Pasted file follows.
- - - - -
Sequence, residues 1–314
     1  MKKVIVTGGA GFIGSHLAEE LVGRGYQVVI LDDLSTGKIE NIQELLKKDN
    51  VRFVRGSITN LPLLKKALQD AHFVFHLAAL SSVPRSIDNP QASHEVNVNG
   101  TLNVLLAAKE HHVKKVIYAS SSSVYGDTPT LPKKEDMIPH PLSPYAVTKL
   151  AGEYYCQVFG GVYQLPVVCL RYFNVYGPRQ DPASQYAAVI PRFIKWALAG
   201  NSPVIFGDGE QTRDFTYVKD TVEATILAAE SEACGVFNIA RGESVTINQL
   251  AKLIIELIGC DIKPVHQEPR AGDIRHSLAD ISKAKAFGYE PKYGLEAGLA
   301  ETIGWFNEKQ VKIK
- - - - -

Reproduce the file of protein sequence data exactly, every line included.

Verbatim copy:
Sequence, residues 1–314
     1  MKKVIVTGGA GFIGSHLAEE LVGRGYQVVI LDDLSTGKIE NIQELLKKDN
    51  VRFVRGSITN LPLLKKALQD AHFVFHLAAL SSVPRSIDNP QASHEVNVNG
   101  TLNVLLAAKE HHVKKVIYAS SSSVYGDTPT LPKKEDMIPH PLSPYAVTKL
   151  AGEYYCQVFG GVYQLPVVCL RYFNVYGPRQ DPASQYAAVI PRFIKWALAG
   201  NSPVIFGDGE QTRDFTYVKD TVEATILAAE SEACGVFNIA RGESVTINQL
   251  AKLIIELIGC DIKPVHQEPR AGDIRHSLAD ISKAKAFGYE PKYGLEAGLA
   301  ETIGWFNEKQ VKIK